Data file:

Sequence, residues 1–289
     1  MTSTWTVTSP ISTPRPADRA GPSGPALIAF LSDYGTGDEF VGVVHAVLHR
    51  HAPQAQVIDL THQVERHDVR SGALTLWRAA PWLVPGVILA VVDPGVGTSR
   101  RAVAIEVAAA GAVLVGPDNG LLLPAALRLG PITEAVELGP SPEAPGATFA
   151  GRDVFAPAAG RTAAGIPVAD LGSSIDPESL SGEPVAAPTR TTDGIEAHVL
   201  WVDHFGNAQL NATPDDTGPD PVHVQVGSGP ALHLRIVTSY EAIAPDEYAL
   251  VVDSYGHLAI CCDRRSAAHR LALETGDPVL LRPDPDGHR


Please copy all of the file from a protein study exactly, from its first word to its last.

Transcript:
Sequence, residues 1–289
     1  MTSTWTVTSP ISTPRPADRA GPSGPALIAF LSDYGTGDEF VGVVHAVLHR
    51  HAPQAQVIDL THQVERHDVR SGALTLWRAA PWLVPGVILA VVDPGVGTSR
   101  RAVAIEVAAA GAVLVGPDNG LLLPAALRLG PITEAVELGP SPEAPGATFA
   151  GRDVFAPAAG RTAAGIPVAD LGSSIDPESL SGEPVAAPTR TTDGIEAHVL
   201  WVDHFGNAQL NATPDDTGPD PVHVQVGSGP ALHLRIVTSY EAIAPDEYAL
   251  VVDSYGHLAI CCDRRSAAHR LALETGDPVL LRPDPDGHR